To summarise: both Microsoft and Sony believe it has engineered a system that will offer improvements to performance, graphics, and audio immersion over what we’ve seen in the Xbox One X and PS4 Pro era. E.g., everyone wins.
It’s also worth noting that both systems will still accept physical media for the most part, with Sony and Microsoft committing to supporting Blu-ray for the foreseeable future despite the announcement of a digital-only PS5. Will Xbox follow suit with a cheaper, digital version of the console, as has often been rumored? We’ll have to wait and see.
Design and aesthetics
Finally – we now know what both consoles look like. Well, we’ve known about the Xbox Series X for a while, but getting a look at the PS5 design seems like it’s taken an age. That means we can compare the two systems at long last.
While a lot of it will come down to subjective personal taste, there’s a big difference between the consoles yet again. Sony’s effort is a bit more artistic, abstract, and adventurous compared to Microsoft’s sleek black box, while the latest Xbox is more businesslike with its PC-esque appearance.
Naturally, this has split everyone down the middle. Some of the GamesRadar+ team value the more outlandish style of the PS5, for instance; why should we stick to dark boxes that are only designed to melt into the furniture? At the same time, others find it a little much (and more akin to a wifi router, if we’re being honest).
With that in mind, the one you favor will probably come down to whether you want a set-piece or something that disappears into the background. Each approach is totally valid.
And let’s be frank – the console’s appearance will make absolutely no difference in terms of their ability to play games. Both seem bigger than their predecessors to accommodate those specs, but each one has managed to play hardware Tetris in squeezing so much technological wizardry into such a narrow space. We’ll have to see if the fans need to work overtime to compensate.
(Image credit: Sony PlayStation)
Now that the PS5 controller – the DualSense – and the Xbox Series X controller have been unveiled, we have reached one of the most important next-gen milestones to date. Now, the real battle can begin: which next-gen console has the better handset?
Naturally, the obvious caveat is that it’s an impossible question to answer truthfully because we’ve not been able to go hands-on with either, but there are some interesting comparisons to be made all the same.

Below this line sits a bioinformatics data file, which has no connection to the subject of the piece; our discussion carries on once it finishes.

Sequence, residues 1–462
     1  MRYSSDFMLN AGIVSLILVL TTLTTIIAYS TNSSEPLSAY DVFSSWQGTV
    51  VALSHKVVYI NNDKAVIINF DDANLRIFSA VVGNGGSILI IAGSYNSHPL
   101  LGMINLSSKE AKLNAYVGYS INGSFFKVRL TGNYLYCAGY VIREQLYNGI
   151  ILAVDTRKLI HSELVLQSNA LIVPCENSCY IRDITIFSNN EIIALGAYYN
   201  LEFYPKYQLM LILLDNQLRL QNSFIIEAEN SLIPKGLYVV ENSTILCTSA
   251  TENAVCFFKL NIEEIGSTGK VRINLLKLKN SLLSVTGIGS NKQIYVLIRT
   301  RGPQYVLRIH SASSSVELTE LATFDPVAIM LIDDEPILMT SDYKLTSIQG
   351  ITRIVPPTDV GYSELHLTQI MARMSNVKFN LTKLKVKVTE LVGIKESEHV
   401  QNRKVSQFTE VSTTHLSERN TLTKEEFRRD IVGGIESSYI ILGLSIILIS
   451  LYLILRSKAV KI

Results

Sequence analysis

To begin with, both make use of very different buzzwords. For Sony, it’s ‘new’. For Microsoft, it’s ‘accessibility’. These concepts impact almost every talking-point the companies have made thus far. As an example, we’ve been told time and again that the Series X handset is designed to be comfortable for as many people as possible. Per Xbox.com’s deep-dive, that means “rounding the bumpers, slightly reducing and rounding parts around the triggers, and carefully sculpting the grips”. Meanwhile, the PS5’s DualSense goes all-in on fresh technology that’ll revolutionize the way we play. Although the features we know and love are still present, the PlayStation Blog announcement was at pains to highlight how it brings a “new feeling of immersion to players”. That includes the ability to chat with friends via the controller itself, adaptive triggers for increased tension, haptic feedback, and a ‘Create’ button Sony promises will be as significant as the ‘Share’ function on the PS4’s controllers.
Both companies are polar opposites when it comes to the future, too. PlayStation is embracing the new and the different with the DualSense. It even emphasises touch control, a feature that didn’t really go anywhere in the PS4 era. Meanwhile, Xbox is putting its focus on backward compatibility to ensure that the controller is usable across console generations. It has the option of using AA batteries, for instance (conversely, the DualSense is rechargeable by USB-C cables out of the box). Neither is right or wrong, of course; it’s just an intriguing contrast that’s defined their approach to the controllers.
(Image credit: Xbox Wire)
So, does that mean the DualSense won’t be accessible and the Series X controller won’t have anything new to offer? Far from it. Microsoft’s forging ahead in its own way by including a ‘share’ function, not to mention features heavily inspired by the Xbox Elite controllers (more precisely, the triggers and handles have tactile bumps for superior grip, while the d-pad is an all-new hybrid that combines different styles of play). As for PlayStation, “the DualSense has been tested by a wide range of gamers with a variety of hand sizes, in order for us to achieve the comfort level we wanted, with great ergonomics”.
In other words, they’re both very solid contenders that are likely to serve you well. They also have their fair share of potential flaws. The DualSense is undeniably more ambitious, but it remains to be seen whether games will support its new features in the long run. As for the Series X, it’s great to see the return of a classic… but is it a little dull? And seriously, are we really going to have to buy another Play and Charge Kit?
With that in mind, the ‘winner’ of this battle will depend on what you value. Are you more interested in backwards compatibility and a lean, focused controller without many bells or whistles? Or are you ready for a change?
(Image credit: Microsoft)
The Xbox Series X has been confirmed for November 10 – along with the Xbox Series S.
PS5 will reach shelves a few days later, November 12 in US, Japan, Canada, Mexico, Australia, New Zealand, and South Korea, and on November 19 in the rest of the world.
Microsoft knows better than anybody that the future of games is in services. This is an area in which Xbox Series X will have a clear advantage over the PS5, thanks to Microsoft’s huge investment in services such as Xbox Live, Play Anywhere, Games With Gold, and Xbox Game Pass. The company’s also thrown its weight behind the support of cross-platform play, game streaming, and third-party subscription services such as EA Access.